There is more to be earned than money alone. Company leadership today are starting to realize just how important aspects of a stronger community and environment are for the health of everyone’s future (including their own).
As impact investing has grown more popular, those who don’t get on board are really missing out, says investor and philanthropist Chris Kuchanny.
What is Impact Investing?
Coined as a formal term in 2007, impact investing has grown tremendously and continues to increase in popularity. Impact investing looks for ways to use capital to do good things. Rather than strictly work about the monetary return on investment (ROI), impact investing also takes into consideration less tangible values.
It becomes more than just financial returns, including:
- Empowering (not exploiting) people and planet
- Aiming for more equal society constructs
- Taking care of the community
- Valuing and protecting resources
- Supporting new ideas and markets
The demand is higher because the return on the investment goes beyond just the bottom dollar. At the end of the day, impact investing takes more time, thought and understanding to ensure the project is going to benefit others as well as make a profit. The profit may not be as high as a traditional investment, but the reward (intrinsic and extrinsic) is often greater, explains Chris Kuchanny.
To truly meet the global needs, more capital needs to be used towards impact investing. According to the US SIF (The Forum for Sustainable and Responsible Investment), the 2020 “Trends Report” found that sustainable assets have passed $17 trillion. This shows continued growth of a 42% increase from 2018 when assets were reported $12 trillion.
“Money managers and institutional investors are using ESG criteria and shareholder engagement to address a plethora of issues including climate change, sustainable natural resources, and agriculture, labor, diversity, and political spending,” said US SIF Foundation CEO Lisa Woll.
How to Get Started with Impact Investing
Sometimes getting started is the hardest part when you want to do something correctly.
“There are many ways to get into impact investing for companies who want to make a lasting difference with their capital,” says Chris Kuchanny. “One of the biggest things you have to do before starting is to truly understand the industry and all the impact (good and bad) that your investment could have.
Sometimes, things that look like helpful investments actually cause more harm to the local economy or environment because someone didn’t have the full picture.”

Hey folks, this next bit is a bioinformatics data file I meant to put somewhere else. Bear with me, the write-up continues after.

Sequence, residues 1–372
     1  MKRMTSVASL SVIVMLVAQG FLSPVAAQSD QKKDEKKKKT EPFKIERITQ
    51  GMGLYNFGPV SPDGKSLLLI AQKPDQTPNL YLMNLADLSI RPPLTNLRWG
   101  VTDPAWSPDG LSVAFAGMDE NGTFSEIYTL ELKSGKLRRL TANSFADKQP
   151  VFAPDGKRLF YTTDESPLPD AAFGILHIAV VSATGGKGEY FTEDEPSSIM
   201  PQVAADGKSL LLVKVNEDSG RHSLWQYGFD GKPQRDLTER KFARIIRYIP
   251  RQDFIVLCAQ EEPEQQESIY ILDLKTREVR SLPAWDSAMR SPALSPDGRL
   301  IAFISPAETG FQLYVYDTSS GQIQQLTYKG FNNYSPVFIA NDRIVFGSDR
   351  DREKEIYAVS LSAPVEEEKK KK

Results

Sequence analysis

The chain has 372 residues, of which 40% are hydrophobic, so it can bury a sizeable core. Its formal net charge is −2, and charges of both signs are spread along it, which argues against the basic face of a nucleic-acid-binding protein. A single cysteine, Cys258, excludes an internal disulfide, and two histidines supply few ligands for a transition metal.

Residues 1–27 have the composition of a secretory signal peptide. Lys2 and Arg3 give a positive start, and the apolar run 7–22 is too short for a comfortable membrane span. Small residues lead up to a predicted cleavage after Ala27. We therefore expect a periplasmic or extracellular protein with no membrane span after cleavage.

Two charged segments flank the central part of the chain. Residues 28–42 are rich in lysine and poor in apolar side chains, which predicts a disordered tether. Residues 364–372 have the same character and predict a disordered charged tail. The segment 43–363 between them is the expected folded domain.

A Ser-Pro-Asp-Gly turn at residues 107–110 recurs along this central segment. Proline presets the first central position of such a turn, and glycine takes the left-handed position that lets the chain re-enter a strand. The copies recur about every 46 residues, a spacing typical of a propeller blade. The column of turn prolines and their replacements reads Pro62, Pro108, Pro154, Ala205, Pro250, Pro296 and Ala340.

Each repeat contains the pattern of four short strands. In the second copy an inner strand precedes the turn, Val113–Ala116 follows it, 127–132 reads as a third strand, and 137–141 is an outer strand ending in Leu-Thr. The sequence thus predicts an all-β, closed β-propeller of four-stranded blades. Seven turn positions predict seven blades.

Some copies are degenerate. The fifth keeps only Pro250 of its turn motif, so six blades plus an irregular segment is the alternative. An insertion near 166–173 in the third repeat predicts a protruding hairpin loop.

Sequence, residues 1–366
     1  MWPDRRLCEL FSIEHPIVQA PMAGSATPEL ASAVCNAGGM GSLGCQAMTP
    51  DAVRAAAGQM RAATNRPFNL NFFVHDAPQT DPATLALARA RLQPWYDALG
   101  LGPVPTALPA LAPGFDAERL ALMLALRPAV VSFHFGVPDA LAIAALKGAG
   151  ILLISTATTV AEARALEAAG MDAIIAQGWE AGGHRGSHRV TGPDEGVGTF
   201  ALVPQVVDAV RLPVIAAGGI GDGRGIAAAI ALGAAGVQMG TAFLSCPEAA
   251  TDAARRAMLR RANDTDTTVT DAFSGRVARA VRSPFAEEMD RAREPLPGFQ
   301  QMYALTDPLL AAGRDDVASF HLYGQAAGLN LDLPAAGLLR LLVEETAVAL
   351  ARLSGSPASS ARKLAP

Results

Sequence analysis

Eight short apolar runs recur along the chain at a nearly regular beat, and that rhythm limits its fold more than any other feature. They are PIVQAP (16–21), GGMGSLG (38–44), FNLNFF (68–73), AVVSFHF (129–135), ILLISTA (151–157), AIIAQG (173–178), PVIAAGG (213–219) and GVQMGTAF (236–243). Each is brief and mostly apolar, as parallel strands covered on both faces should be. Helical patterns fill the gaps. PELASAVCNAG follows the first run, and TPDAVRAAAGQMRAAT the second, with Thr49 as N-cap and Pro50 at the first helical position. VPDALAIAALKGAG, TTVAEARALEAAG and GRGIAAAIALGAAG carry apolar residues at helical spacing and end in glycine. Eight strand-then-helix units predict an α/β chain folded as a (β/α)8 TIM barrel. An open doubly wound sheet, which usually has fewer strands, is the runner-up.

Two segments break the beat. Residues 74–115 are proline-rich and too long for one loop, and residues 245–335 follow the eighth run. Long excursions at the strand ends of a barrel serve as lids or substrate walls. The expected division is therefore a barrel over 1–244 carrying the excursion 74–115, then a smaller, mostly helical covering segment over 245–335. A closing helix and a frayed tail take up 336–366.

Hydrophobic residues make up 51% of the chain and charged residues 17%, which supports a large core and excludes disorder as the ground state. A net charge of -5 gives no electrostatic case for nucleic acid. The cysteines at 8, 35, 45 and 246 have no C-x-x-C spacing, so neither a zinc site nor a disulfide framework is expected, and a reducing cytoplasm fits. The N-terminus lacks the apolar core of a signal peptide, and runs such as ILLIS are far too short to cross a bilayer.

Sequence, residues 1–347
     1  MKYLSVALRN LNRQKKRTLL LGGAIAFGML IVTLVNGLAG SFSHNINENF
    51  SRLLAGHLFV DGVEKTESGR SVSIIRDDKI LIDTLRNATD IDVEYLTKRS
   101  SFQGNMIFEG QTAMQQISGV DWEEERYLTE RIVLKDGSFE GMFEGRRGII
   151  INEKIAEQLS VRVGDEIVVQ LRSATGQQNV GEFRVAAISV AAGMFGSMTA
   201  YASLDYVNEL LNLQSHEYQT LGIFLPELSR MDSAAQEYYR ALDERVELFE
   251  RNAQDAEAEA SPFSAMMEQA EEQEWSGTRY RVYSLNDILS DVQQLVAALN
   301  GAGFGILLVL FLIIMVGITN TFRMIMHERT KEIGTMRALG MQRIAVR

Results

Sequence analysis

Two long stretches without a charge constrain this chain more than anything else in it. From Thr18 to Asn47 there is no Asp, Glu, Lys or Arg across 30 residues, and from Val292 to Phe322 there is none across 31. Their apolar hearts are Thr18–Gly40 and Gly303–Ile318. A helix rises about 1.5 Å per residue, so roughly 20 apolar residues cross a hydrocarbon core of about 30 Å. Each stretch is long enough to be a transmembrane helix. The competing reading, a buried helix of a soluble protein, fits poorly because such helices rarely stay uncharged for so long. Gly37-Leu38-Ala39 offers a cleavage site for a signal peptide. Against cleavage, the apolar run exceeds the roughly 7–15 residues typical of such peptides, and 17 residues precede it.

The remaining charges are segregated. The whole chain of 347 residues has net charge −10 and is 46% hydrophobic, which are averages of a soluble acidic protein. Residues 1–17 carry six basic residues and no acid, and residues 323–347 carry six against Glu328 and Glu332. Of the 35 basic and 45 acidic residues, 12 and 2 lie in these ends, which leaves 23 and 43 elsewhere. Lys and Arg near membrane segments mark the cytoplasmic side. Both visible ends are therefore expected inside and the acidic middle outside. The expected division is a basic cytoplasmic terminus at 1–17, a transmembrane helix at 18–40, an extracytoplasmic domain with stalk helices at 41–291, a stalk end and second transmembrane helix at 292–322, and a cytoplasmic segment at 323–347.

Do Your Research
Not only do you need to understand the ramifications of your investment from every angle, you should have a strong understanding of the people impacted and the industry you are considering for your investment. Learn the terminology so you can truly understand your investment and evaluate your choices.
It’s important to find the investments that you can really get behind. Look for areas where you can make a difference while supporting the things you feel most passionate about. When you feel strongly about a cause, it is much easier to do the research required to make a sound investment. Areas might include:
- Affordable housing
- Emerging and developing markets
- Sustainable agriculture
- Renewable energy
- Equal opportunity healthcare or education
- Conservation efforts
Find an Expert
Talk to an expert in the industry before investing. It is usually a good idea to have an investor who will help guide your choices to ensure you still get a return on your investment. You shouldn’t expect to lose money, unless you are a philanthropist planning to donate your money to a worthy cause. Impact investments should still pay returns, and in some cases the financial returns can be material.
Know Your Goals
With impact investing, the goals can often get a bit fuzzy. Typical investments are driven by their bottom-line and increasing financial profit. However, an impact investment is multi-faceted.
It is important to fully understand your impact goals, as well as those of the company or organization you are investing in. If your goals don’t align, the investment may not be a good match. Defining your goals (or intentionality) helps ensure you are getting out of this partnership the value you expect. This allows you to be prudent with your wealth (getting competitive returns) and feel good about the values you support (intrinsic rewards).
Chris Kuchanny states that “true Impact Investment integrates social and/or environmental impact analysis, sets relevant non-financial goals, measured through KPIs, and monitored on an ongoing basis. There is a strong body of evidence that non-financial, impact-related goals can be achieved alongside competitive financial returns.”.
There is no time to start like the present, says Kuchanny. There are plenty of options available at all levels for impact investments. Waiting until you feel “ready” often means never feeling prepared to jump in at all.
You may feel like you can’t contribute much, but if all individuals and companies aligned their investments with positive social and environmental goals, the world would be a much better place.
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